Why RBI Should Be on Hold
Indian monthly inflation number for August was released today and it showed a minor uptick. There is a possibility that this will goad India’s central bank, the RBI (Reserve Bank of India) to continue with its hawkish stance, irrespective of the disastrous IP number released earlier this week. The feeling is that, the IP number being highly volatile, RBI does not focus as much on the same. Hence, the uptick in monthly inflation is what will matter.
Question is, is that a fair argument? I do not think so. Neither possibly does Anirvan Bannerjee of ECRI. In his interview given to one of India’s leading business newspapers the Economic Times (http://articles.economictimes.indiatimes.com/2011-09-12/news/30145180_1_recession-threat-geoffrey-h-moore-anirvan-banerji), who mentioned that most of the central banks, including RBI, do not have a leading indicator to follow and hence they continue with their policy action even when they should ideally have stopped either way.
I do agree with him. I am sure inflation has peaked in India and it is only a matter of a few months before the real moderation begins, irrespective of whether further tightening takes place or not. On the other hand, there is clear visibility of demand destruction in India.
While last year RBI erred on the side of caution (more concerned about growth than inflation, what with their utter failure to gauge the extent of inflationary pressure that was building up), this time around the RBI is likely to err on the side of being excessively vigilant and is willing to sacrifice growth to control inflation.
The problem is growth is slowing. Further tightening will only exacerbate the problem as inflation has peaked in India.
Source: Office of the Economic Advisor, GoI
The sharp fall in India’s WPI inflation, post the emergence of crisis was followed by an equally sharp uptick. As the chart above shows, inflation in India has peaked out, save for minor fluctuations. During 18 out of the previous 19 months, India’s inflation ruled at or above 9% and the base effect will ensure slow moderation of inflation.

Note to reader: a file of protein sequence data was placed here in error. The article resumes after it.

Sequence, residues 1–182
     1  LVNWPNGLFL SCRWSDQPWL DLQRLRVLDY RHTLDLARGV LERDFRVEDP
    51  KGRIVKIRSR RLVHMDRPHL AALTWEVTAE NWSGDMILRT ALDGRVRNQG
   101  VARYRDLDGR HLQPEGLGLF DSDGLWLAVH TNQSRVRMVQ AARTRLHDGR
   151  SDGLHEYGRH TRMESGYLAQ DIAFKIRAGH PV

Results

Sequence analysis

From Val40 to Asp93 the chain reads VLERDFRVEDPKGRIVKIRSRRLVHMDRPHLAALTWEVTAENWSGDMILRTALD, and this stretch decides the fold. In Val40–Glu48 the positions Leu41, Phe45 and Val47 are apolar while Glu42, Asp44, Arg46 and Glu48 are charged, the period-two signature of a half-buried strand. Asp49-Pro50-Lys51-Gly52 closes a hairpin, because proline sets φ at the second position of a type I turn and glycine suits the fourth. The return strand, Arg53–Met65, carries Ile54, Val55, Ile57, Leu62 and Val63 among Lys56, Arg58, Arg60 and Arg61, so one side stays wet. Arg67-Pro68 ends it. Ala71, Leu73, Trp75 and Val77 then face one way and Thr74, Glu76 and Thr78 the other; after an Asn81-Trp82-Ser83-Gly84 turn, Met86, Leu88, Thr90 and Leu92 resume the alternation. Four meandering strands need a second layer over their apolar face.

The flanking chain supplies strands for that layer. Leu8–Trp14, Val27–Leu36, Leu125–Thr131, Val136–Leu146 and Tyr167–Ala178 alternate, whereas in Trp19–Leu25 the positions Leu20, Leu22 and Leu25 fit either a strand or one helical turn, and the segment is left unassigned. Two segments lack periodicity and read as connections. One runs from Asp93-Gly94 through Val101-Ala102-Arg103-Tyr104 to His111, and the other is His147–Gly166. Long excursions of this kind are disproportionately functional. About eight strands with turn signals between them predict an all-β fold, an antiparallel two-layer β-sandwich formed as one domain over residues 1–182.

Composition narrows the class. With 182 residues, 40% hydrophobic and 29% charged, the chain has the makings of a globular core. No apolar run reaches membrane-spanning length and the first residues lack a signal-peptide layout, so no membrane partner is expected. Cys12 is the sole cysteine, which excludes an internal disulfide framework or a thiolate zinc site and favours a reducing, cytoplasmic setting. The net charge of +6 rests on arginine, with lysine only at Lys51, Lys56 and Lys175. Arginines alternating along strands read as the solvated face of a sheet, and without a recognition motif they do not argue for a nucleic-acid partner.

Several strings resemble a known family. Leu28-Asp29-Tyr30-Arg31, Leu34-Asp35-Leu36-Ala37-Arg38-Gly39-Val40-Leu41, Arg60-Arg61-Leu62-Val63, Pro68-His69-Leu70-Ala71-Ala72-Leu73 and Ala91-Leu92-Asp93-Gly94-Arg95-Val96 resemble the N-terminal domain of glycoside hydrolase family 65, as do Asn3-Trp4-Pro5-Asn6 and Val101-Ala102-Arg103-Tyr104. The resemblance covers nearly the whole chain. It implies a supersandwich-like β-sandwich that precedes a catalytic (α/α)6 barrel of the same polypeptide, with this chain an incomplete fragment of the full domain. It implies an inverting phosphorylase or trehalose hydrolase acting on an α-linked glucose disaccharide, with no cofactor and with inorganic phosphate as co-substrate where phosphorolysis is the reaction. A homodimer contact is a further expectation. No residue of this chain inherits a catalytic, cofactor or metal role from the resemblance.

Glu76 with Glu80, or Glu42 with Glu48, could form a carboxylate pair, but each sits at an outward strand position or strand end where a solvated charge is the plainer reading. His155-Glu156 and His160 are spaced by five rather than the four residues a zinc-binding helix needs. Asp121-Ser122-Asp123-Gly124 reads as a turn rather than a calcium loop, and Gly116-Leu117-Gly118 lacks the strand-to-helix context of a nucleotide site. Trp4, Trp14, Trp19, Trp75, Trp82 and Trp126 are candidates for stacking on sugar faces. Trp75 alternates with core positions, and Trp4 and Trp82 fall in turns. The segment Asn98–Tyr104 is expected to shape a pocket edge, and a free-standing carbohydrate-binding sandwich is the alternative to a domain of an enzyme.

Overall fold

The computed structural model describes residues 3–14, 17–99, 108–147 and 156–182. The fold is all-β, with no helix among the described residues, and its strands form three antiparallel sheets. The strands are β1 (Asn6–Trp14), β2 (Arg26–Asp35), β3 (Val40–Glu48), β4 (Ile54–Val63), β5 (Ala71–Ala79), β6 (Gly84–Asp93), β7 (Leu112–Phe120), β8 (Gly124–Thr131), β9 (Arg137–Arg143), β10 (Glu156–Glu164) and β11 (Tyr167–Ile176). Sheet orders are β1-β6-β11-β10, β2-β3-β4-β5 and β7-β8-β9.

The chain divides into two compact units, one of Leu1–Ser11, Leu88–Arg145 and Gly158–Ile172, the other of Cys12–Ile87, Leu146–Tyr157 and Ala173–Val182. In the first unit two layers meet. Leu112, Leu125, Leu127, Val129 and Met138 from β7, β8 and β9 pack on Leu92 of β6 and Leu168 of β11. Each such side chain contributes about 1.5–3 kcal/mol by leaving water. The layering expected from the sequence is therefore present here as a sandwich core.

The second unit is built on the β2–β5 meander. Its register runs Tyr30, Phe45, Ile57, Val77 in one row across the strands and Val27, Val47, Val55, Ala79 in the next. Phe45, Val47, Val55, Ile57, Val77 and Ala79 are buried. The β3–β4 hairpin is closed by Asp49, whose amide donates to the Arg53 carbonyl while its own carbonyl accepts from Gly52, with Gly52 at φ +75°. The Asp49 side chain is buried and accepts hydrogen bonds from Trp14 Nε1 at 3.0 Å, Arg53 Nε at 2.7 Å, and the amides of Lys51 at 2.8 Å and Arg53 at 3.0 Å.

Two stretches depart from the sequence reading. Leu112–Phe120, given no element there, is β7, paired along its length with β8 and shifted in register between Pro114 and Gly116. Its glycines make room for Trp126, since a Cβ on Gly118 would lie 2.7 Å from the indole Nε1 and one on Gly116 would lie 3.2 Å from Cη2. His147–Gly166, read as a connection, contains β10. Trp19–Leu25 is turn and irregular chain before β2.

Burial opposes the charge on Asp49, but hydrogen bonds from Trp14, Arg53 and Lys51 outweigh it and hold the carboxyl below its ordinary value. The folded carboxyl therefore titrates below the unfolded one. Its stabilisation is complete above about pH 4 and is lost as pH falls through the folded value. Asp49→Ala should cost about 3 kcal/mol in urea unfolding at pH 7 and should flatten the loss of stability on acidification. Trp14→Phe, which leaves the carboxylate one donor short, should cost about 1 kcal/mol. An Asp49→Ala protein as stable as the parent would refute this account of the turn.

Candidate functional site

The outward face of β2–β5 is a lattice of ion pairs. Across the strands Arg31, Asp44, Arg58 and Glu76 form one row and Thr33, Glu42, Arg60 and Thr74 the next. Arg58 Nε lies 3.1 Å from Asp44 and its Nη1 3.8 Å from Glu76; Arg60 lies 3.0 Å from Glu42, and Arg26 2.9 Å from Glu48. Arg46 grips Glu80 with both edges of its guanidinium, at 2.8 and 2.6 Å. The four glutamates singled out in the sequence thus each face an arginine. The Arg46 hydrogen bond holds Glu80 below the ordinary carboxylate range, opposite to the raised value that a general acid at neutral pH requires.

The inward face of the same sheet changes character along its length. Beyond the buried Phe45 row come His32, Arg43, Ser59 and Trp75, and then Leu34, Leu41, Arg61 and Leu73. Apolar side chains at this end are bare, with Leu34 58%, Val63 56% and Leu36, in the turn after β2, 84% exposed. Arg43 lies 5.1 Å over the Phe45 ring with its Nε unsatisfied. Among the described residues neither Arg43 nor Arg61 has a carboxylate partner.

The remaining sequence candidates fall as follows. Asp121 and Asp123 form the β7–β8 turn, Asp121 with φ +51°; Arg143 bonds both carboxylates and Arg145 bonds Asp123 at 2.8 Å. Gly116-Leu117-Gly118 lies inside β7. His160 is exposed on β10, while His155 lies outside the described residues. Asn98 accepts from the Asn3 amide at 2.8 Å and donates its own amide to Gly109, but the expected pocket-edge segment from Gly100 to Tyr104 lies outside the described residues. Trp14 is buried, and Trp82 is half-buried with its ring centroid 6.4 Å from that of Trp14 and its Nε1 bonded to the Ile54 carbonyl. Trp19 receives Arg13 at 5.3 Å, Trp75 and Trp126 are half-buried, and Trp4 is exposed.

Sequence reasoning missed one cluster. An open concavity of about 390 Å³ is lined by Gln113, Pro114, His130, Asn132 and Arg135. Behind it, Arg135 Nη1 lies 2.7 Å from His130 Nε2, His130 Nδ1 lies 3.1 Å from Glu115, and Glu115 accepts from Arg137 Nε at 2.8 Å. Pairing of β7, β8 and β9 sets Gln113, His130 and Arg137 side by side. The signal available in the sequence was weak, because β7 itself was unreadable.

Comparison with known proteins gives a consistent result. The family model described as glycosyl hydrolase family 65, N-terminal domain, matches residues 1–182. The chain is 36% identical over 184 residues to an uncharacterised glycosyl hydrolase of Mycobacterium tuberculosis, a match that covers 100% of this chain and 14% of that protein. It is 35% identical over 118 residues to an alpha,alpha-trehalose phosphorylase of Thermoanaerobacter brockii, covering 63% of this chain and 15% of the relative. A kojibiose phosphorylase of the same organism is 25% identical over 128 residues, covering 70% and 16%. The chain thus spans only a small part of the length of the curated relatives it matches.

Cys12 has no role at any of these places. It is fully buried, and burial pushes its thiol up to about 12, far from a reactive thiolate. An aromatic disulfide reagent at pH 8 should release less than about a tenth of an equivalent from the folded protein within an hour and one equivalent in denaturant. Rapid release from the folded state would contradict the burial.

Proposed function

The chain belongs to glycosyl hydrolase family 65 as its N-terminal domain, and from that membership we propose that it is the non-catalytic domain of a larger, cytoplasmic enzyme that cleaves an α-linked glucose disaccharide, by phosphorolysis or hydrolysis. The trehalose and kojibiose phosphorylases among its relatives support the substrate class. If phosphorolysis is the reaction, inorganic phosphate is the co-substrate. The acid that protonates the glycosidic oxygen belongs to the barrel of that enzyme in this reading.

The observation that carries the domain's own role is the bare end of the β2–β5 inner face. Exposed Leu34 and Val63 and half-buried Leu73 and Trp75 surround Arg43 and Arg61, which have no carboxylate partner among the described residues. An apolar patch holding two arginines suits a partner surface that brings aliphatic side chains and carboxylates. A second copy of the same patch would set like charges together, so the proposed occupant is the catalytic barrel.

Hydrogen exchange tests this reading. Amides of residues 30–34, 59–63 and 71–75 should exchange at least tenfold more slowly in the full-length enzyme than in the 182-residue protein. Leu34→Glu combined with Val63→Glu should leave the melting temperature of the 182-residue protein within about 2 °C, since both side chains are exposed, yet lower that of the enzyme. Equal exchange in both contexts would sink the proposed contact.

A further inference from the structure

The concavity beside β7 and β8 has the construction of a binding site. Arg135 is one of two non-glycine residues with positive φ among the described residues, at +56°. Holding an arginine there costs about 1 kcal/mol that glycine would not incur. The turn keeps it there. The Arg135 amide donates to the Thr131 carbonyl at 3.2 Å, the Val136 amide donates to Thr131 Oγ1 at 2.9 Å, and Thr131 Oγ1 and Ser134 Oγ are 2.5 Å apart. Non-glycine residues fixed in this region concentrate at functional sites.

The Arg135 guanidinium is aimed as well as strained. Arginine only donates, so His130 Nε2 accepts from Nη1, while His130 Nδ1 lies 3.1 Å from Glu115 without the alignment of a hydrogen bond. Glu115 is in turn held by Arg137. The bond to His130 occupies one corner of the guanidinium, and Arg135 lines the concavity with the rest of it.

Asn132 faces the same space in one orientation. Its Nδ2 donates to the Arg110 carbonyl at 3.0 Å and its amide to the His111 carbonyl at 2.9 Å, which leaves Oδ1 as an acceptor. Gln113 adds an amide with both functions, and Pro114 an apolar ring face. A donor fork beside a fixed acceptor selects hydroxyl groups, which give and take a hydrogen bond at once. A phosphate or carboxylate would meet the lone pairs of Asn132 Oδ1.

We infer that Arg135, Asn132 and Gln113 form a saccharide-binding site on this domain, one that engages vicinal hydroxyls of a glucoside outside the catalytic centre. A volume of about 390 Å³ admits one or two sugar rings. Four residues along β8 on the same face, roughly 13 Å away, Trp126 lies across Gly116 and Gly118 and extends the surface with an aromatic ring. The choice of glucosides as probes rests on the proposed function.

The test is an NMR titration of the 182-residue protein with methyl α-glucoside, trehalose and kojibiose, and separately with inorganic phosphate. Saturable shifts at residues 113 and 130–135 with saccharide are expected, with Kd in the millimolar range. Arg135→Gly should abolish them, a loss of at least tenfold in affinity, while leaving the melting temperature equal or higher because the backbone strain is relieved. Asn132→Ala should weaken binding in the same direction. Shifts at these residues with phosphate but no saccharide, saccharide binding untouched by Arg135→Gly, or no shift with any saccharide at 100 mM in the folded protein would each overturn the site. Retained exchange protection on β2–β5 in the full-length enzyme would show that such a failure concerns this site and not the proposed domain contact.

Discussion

More importantly, however, there is clear evidence that monetary tightening is having its impact on credit growth and demand.
Interestingly, the RBI has started the rate hike cycle by the time the IIP growth has virtually peaked out. While the IP numbers are notoriously volatile, the downward movement is still clear even if we smoothen it out by using the three month moving average (3MMA) data.
The fact is the initial calibrated approach of RBI in its monetary policy stance, given its highly optimistic inflationary expectations and the fear of growth slowdown (in case of tighter monetary policy) as the economy recovered from slow growth clearly failed to tamper inflationary expectations. With the banks responding to the rate hike with a lag of 5 to 6 months meant that there was enough front loading of demand, given substantial availability of liquidity and high negative real interest rates, which would have shaved off a few basis points from the future growth.
The problem was exacerbated by the persistently high food inflation as the structural deficiencies of the economy came to the fore. Between June 2009 and April 2011, monthly food inflation remained at or above 10% y/y, with seven continuous months of 20% plus inflation rate. This fed into inflation through the wage price spiral. In addition, high global commodity prices manifested itself in the form of higher inflation through the trade channel.
However, at this point in time, RBI is wrongly focussed on manufacturing inflation. Gently rising manufacturing inflation is being sought to be explained as increasing pricing power of the producers and hence RBI continues to make hawkish noise. However, it is important to note that the manufacturers are only partially being able to pass on the input cost hike for fear of losing demand.
Source: Office of the Economic Advisor, GoI
The high interest rate, in the vicinity of 18% for the SMEs are being dealt with a triple whammy – falling demand, rising input cost and very high interest rate. In my previous post (http://www.economonitor.com/analysts/2011/08/31/indias-manufacturing-sector-feeling-the-heat/) I have discussed these issues in detail. Fact is, SMEs are the backbone of the economy and they generate the maximum employment in India. Hence, if their health is at risk, the employment situation will worsen, as units start to close down. I would also like to point out the recently released Manpower quarterly hiring survey, wherein India’s hiring outlook fell steeply from the third quarter, although the overall outlook is still better than many countries.
Bottom-line – inflation has peaked in India and further monetary tightening can only harm the economy from here onward.
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